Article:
Dr. Jose Rizal's "The Social Cancer" and "Reign of Greed"
I am a Filipino: inheritor of a glorious past, hostage to the uncertain future. As such I must prove equal to a two-fold task—the task of meeting my responsibility to the past, and the task of performing my obligation to the future.— I am a Filipino, Carlos P. Romulo
The Natures of Noli Me Tangere and El Filibusterismo
I remembered in high school that one of our requirements for our Filpino subject was to create a school play using two of the most world-class, historical, and enduring literary works ever written: Noli Me Tangere and El Filibusterismo. These great literary masterpieces are also often used in dramas, theatrical plays, and movies.
"Noli Me Tangere" is translated "Touch Me Not" or "The Social Cancer," while "El Filibusterismo" is translated "The Reign of Greed." Both novels were about historically driven fictional Philippines during the Spanish colonial period inspired by the writer's current living conditions, his views, and his beliefs.
Rizal had his third unfinished work or novel. Known by historians as “Maka-misa,” this unfinished work was started by Rizal in 1892 in Hong Kong. Maka-misa is not actually a title of the novel but only a single chapter of the unfinished novel. He began writing it in Tagalog but gave up and continued writing in Spanish.
If you ever find yourself reading history textbooks or learning history lessons about the Philippines, especially during the Spanish colonial period, you'll learn that the country was greatly influenced by Spain by language, culture, names, behaviors, and even societal systems. But just like every part of the history of the world, there will always be white and black patches within a collective shadowed area.
On February 17, 1872, three Filipino Catholic priests from the province of Cavite were executed for charges of mutiny as well as conspiring a looming need of Filipinos for freedom by overthrowing the colonial Spanish friars and Spanish rule. This was an attempt to instill fear among the Filipinos so that they may never commit such a daring act again. It was referred to as the 1872 Cavite mutiny.
Recognized by their martyrdom, three Filipino priests were Fathers Mariano Gomes, Jose Burgos, and Jacinto Zamora is most prominently and commonly known as the GomBurZa.
But in this tragic event, their trial and execution were believed to be one of the initial sparks of Filipino Nationalism: the first lights in thousands of burning candles.
What followed is a series of revolutions and outcries for independence from the Filipinos against the colonial rule, with the added wave of slow yet cumulative anger against issues of over-taxation, forced labor, racial discrimination, and injustices by the colonial Spaniards.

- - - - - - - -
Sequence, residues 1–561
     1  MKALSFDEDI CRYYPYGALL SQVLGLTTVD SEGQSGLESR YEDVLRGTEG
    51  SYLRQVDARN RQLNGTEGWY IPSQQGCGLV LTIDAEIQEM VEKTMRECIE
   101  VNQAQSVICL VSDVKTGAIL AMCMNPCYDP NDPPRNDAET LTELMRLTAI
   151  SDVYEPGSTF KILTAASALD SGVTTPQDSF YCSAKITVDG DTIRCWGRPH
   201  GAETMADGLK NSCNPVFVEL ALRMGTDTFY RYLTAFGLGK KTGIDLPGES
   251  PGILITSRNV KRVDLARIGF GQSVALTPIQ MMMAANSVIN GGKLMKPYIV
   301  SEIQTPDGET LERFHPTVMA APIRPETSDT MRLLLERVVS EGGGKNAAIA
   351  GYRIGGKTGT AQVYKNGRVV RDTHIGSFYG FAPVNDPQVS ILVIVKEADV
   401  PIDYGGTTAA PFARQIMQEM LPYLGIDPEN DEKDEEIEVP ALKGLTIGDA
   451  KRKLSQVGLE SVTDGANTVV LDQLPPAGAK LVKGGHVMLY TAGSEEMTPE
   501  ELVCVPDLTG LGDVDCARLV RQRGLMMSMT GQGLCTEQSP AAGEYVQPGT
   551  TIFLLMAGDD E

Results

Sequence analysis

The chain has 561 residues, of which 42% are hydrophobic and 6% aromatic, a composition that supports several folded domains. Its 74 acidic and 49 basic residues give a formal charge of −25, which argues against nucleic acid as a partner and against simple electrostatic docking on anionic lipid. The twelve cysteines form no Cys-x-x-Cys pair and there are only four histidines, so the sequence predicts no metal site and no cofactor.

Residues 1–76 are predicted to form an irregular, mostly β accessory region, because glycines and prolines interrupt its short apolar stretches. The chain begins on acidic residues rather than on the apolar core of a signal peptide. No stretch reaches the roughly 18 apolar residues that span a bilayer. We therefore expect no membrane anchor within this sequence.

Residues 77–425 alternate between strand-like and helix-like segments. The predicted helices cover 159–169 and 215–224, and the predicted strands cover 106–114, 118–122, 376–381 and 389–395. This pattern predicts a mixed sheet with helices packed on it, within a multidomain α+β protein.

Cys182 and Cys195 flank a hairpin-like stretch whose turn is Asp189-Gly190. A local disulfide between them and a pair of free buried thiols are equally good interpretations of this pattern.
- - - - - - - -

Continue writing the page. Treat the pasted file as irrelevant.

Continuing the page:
The Life of an Unofficial Hero
Dedicating to the memory of the three martyr priests by writing the El Filibusterismo, José Protasio Rizal Mercado y Alonso Realonda was a Filipino nationalist and polymath. He was also tagged as one of the national heroes in the Philippines, along with numerous named and unnamed heroes in every region of the country.
Born in 1861 in the town of Calamba in Laguna province, he had nine sisters and one brother. His parents were leaseholders of a hacienda, a large landed estate, and an accompanying rice farm by the Dominicans (one member of the Spanish friars).
From an early age, José showed charismatic intellect. He's one of the most educated Filipinos to ever exist during the Spanish colonial era.
He learned the alphabet from his mother at three and could read and write at age five. His life was also one of the most documented 19th century Filipinos due to the vast and extensive records written by and about him, and these records are often found on the countries he had been to — from America to Japan, from Hong Kong and Macau to England. He had a pretty interesting dating life, too. He was once dubbed as the country's first "lover boy" for attracting women within and from different countries despite having a height of five-foot-three. There were at least nine women linked with Rizal ; namely Segunda Katigbak, Leonor Valenzuela, Leonor Rivera, Consuelo Ortiga, O-Sei San, Gertrude Beckette, Nelly Boustead, Suzanne Jacoby and Josephine Bracken. These women might have been beguiled by his intelligence, charm and wit.
His biographers, however, have faced difficulty in translating his writings, diaries, notes, and other written forms because of Rizal's habit of switching from one language to another because he, himself, is a polyglot knowing 22 languages.
Languages Within the Philippines:
Languages Outside of the Philippines:
Documented studies show him to be a polymath with the ability to master various skills and subjects. He was an ophthalmologist, sculptor, painter, educator, farmer, historian, playwright, and journalist. He was inspired to pursue Ophthalmology because of her mother's failing eyesight and his desire of helping her.
Besides poetry and creative writing, he dabbled, with varying degrees of expertise, in architecture, cartography, economics, ethnology, anthropology, sociology, dramatics, martial arts, fencing, pistol shooting, and freemason.
As the leader of the reform movement of Filipino students in Spain, Rizal contributed essays, allegories, poems, and editorials to the Spanish newspaper La Solidaridad in Barcelona. The core of his writings centers on liberal and progressive ideas of individual rights and freedom; specifically, rights for the Filipino people. He shared the same sentiments with members of the movement: that the Philippines is battling, in Rizal's own words, "a double-faced Goliath"—corrupt friars and bad government.